And speaking of adding up: Affordability. This is a big one. Surely, this bylaw requirement would have the inevitable consequence of adding to the cost of construction, to be passed onto the consumer. Buying that one-bedroom apartment in Coquitlam would become just that much more expensive.

Overly prescriptive. This bylaw is said to put into action council’s goal of supporting neighbourhoods and enhancing the transportation system. But, if that’s what council wants to do, why not go all the way and compel builders of new buildings to provide a free bike with every condo purchase?

And while we’re in the realm of the ridiculous, I know that the city also has a goal to foster sustainability. This being so – and using the same logic that would force builders to provide secure bike-storage spaces — not compel every condo builder to put a community garden on their building's rooftop? Or, better yet, to set aside 50 square feet in every new apartment for a greenhouse to grow carrots and radishes? My point here is that just because Council favours some sort of positive outcome doesn’t mean it should or must compel it.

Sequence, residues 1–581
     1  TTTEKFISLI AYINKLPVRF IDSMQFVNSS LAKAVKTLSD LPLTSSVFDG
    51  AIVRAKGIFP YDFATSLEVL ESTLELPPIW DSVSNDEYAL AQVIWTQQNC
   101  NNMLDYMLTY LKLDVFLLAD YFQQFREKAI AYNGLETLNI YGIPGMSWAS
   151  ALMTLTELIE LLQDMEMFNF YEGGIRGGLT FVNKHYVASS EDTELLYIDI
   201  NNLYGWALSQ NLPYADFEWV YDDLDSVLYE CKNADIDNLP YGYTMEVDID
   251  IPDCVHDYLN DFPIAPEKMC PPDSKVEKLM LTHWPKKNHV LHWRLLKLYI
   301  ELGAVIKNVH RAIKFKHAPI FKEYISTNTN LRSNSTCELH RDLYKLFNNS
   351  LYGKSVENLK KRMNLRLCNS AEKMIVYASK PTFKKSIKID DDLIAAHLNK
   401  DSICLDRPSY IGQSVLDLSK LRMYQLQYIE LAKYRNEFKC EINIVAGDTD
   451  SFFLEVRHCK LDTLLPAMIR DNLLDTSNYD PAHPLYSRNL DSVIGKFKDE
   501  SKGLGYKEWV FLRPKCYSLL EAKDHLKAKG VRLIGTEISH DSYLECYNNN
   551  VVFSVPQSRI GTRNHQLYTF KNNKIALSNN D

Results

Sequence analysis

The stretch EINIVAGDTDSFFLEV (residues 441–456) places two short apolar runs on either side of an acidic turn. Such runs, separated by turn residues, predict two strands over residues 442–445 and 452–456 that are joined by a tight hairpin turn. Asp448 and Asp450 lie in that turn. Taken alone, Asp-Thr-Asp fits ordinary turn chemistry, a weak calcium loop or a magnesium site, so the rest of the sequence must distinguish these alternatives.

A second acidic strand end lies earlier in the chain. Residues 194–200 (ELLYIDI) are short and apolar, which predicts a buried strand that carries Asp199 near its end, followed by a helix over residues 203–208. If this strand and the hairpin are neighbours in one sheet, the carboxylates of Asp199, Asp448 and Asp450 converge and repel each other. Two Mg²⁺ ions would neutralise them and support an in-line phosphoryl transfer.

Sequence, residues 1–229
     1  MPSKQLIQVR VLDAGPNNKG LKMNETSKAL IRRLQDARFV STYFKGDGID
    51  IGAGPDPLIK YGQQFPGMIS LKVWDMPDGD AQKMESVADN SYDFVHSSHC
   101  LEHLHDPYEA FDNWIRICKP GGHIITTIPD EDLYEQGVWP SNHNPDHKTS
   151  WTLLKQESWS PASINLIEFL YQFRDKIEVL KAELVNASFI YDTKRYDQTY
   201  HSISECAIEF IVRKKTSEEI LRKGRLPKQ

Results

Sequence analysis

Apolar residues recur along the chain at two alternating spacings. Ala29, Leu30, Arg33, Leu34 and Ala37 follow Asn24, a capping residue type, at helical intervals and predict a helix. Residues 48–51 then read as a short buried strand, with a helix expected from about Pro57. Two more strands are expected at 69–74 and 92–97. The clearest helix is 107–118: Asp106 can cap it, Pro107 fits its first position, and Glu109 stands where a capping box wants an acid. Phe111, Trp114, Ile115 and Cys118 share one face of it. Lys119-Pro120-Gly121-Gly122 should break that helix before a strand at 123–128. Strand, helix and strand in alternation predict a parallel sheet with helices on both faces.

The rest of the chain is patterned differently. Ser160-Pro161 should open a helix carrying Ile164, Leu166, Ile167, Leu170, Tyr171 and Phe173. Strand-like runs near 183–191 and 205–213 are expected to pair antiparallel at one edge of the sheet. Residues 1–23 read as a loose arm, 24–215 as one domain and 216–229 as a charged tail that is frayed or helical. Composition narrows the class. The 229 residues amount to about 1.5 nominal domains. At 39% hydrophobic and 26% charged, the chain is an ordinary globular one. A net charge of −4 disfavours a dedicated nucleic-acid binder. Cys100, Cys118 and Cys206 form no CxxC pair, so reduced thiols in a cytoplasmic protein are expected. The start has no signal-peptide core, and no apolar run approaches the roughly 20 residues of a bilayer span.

The solution. Instead, let market forces shape the outcome. Let apartment and condo builders have the freedom to offer these sorts of secure storage facilities, and see if buyers actually want them. If they’re popular, then other builders will follow. If they’re not, then so be it. Buyers and builders alike have made their choices. The people will have spoken. And that’s the way it’s supposed to be in a democracy.

Photo from satoridesigns.net


  1. I cannot believe that you would consider leaving bicycle parking out of construction code in this day and age. If we actually believe that we should cut back on carbon emissions, then it stands to reason that we should do anything we can to encourage alternatives to cars.

    Those who commit to bicycle commuting usually have, in addition to their thousand dollar bike, a beater that they can stick a basket on and use to get groceries with. These cyclists would gladly park in a communal bike park, if only the grocery store had bike parking, and the street had bike lanes.